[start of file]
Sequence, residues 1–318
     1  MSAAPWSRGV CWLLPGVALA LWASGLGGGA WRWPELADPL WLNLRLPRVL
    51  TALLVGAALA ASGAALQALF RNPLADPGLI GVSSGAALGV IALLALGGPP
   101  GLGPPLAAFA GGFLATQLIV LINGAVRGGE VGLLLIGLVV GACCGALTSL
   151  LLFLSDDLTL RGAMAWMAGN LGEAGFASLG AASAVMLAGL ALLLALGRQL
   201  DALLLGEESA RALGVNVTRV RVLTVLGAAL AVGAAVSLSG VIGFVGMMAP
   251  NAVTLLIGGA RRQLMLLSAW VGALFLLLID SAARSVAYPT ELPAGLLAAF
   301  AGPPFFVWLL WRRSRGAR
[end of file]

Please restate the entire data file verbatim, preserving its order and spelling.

Sequence, residues 1–318
     1  MSAAPWSRGV CWLLPGVALA LWASGLGGGA WRWPELADPL WLNLRLPRVL
    51  TALLVGAALA ASGAALQALF RNPLADPGLI GVSSGAALGV IALLALGGPP
   101  GLGPPLAAFA GGFLATQLIV LINGAVRGGE VGLLLIGLVV GACCGALTSL
   151  LLFLSDDLTL RGAMAWMAGN LGEAGFASLG AASAVMLAGL ALLLALGRQL
   201  DALLLGEESA RALGVNVTRV RVLTVLGAAL AVGAAVSLSG VIGFVGMMAP
   251  NAVTLLIGGA RRQLMLLSAW VGALFLLLID SAARSVAYPT ELPAGLLAAF
   301  AGPPFFVWLL WRRSRGAR